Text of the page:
On December 2, 2017, the Senate approved its version of the Tax Cuts and Jobs Act. The Senate Bill includes the base erosion and anti-abuse tax, a new tax intended to apply to companies that significantly reduce their US tax liability by making cross-border payments to affiliates. Given its potential to disrupt the financing of renewable energy projects, taxpayers in the renewable energy sector have been paying close attention to its developments.

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by Carsten Steinhauer

On March 1, 2012, the Italian Senate approved the draft text which will transpose into law Decree no. 1/2012, the Liberalisation Decree.  The draft text still needs to be approved by the Italian Chamber of Deputies. The approval must be granted by March 24, 2012 at the latest. Once the text is approved, it will then be published in the Official Gazette before entering into force. If not approved by March 24, 2012, the Liberalisation Decree will lose its efficacy as of the date of its publication (January 24, 2012).

The draft text provides a number of modifications to the original version of Article 65 of the Liberalisation Decree, which initially introduced the ending of the feed-in tariff (FIT) for newly-installed ground-mounted photovoltaic (PV) plants on agricultural land.

Although the ending of the FIT for ground-mounted PV plants on agricultural land has been confirmed, two categories of PV plants will continue to be able to avail of the FIT:

  • PV plants located in areas owned or leased by the Italian military; and
  • PV plants that were authorized previously, and will commence operations within 180 days of the entry into force of the amended Decree being transposed into law.

However, these two categories of plants remain subject to the restrictions that were introduced by the Renewables Decree, dated March 28, 2011, namely that PV plants located on agricultural land must not exceed 1 megawatt (MW), nor cover more than 10 percent of the available land, and must be at least 2 kilometers (km) from PV plants located on land belonging to the same owner.  It is not entirely clear if the restrictions will apply to both types of PV plants benefitting from the exemption: if interpreting the provision literally, the restrictions should apply in both cases. However, it would appear that the legislatures’ intention was different. In both circumstances, the restrictions do not apply if the land has been abandoned for at least five years.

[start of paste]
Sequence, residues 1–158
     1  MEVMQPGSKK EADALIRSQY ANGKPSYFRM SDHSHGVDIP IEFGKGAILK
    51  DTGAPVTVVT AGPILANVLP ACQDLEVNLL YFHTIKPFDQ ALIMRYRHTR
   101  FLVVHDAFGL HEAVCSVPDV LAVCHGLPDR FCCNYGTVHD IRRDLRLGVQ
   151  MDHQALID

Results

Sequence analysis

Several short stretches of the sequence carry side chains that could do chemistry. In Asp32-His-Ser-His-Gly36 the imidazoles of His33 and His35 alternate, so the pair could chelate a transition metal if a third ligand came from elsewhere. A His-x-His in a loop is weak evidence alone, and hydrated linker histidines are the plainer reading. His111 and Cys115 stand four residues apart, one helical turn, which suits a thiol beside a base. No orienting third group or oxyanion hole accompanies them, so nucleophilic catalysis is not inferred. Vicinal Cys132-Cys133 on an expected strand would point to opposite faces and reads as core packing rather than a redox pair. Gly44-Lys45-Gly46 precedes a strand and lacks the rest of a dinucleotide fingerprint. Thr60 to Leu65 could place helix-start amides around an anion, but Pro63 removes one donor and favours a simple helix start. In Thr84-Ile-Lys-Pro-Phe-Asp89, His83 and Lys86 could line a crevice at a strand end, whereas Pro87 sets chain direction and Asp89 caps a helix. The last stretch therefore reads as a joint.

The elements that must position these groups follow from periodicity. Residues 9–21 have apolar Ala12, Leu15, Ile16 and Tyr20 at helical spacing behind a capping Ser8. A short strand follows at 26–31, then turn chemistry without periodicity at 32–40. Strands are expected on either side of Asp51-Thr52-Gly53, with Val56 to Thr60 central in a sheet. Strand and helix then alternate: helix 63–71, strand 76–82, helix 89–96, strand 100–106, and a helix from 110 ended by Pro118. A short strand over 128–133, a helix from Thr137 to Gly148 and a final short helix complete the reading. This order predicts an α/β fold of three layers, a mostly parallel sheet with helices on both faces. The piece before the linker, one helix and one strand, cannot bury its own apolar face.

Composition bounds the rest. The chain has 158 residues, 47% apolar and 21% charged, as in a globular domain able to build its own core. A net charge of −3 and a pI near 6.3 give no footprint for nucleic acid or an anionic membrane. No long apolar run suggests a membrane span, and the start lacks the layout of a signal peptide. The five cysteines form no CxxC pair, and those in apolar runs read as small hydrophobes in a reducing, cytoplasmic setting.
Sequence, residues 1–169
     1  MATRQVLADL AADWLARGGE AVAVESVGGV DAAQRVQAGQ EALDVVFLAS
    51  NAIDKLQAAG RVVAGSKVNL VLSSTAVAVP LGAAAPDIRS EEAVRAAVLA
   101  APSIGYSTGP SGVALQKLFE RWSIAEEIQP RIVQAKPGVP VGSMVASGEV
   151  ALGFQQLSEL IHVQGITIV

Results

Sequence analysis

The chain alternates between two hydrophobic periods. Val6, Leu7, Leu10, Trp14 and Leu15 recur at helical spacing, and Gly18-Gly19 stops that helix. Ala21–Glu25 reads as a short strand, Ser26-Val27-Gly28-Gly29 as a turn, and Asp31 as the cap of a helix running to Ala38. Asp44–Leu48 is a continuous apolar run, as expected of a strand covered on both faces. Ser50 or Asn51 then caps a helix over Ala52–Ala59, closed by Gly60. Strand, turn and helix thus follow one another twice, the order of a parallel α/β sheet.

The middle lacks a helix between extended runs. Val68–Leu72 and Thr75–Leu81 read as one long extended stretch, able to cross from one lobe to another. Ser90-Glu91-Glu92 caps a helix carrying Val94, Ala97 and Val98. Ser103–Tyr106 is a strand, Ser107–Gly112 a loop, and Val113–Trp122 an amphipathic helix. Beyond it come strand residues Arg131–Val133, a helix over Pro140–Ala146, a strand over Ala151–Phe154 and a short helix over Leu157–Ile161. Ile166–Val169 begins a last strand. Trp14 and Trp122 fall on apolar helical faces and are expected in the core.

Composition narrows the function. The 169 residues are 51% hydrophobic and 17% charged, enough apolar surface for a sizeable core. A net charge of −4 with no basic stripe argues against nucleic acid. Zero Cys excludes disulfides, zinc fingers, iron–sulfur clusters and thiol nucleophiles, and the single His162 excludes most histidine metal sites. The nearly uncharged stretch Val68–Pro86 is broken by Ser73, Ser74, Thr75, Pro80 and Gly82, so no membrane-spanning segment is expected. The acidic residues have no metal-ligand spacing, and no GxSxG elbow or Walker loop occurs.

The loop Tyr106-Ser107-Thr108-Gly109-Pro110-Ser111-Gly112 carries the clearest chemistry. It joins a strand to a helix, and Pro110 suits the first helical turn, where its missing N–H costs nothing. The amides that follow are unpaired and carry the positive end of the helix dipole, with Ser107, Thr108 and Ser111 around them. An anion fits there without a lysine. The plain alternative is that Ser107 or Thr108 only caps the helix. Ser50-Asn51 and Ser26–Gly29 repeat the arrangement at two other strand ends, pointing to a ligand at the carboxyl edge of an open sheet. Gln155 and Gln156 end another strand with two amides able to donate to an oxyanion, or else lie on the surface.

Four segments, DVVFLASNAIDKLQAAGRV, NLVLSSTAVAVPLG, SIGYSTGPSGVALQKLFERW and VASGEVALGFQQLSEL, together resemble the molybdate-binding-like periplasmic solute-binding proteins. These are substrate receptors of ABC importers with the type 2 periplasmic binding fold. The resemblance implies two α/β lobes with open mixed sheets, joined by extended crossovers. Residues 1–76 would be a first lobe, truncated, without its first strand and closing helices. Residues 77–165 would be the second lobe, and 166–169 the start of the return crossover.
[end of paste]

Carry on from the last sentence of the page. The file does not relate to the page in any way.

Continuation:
As expected, the retrospective cut of the FIT for previously-authorized PV plants benefiting from a safe harbor provision under the Renewables Decree has been abolished.  Instead, the safe harbor has been extended by a further 60 days to compensate for the uncertainty during the period between the enactment of the Liberalisation Decree and the amended text coming into force. However, the revised text also abolishes the increase of the FIT for PV plants located on greenhouses, as introduced by the Liberalisation Decree.

In summary, by applying Article 65 of the Liberalisation Decree, as amended, ground-mounted PV plants located on agricultural land will be entitled to the FIT as outlined below.

Entitlement to FIT for Ground-Mounted PV Plants on Agricultural Land

Agricultural land belonging to the Italian military

Any other agricultural land

Irrespective of date of authorization or grid connection

Authorization before the entry into force of the Liberalisation Decree

Authorization granted after the entry into force of the Liberalisation Decree

Grid connected within 180 days of entry into force of the Liberalisation Decree

Grid connected 180 days after entry into force of the Liberalisation Decree

1.

Agricultural land that has been abandoned for at least five years

YES

YES

NO

NO

2.

i)  Output up to 1 MW, and

ii)  Keeping a distance of 2 km from other projects on land belonging to the same land owner; and

iii) Covering no more than 10 percent of the agricultural land available to the project owner

YES

YES

NO

NO

3.

 Neither 1 nor 2 above apply

NO (but debatable)

NO

NO

NO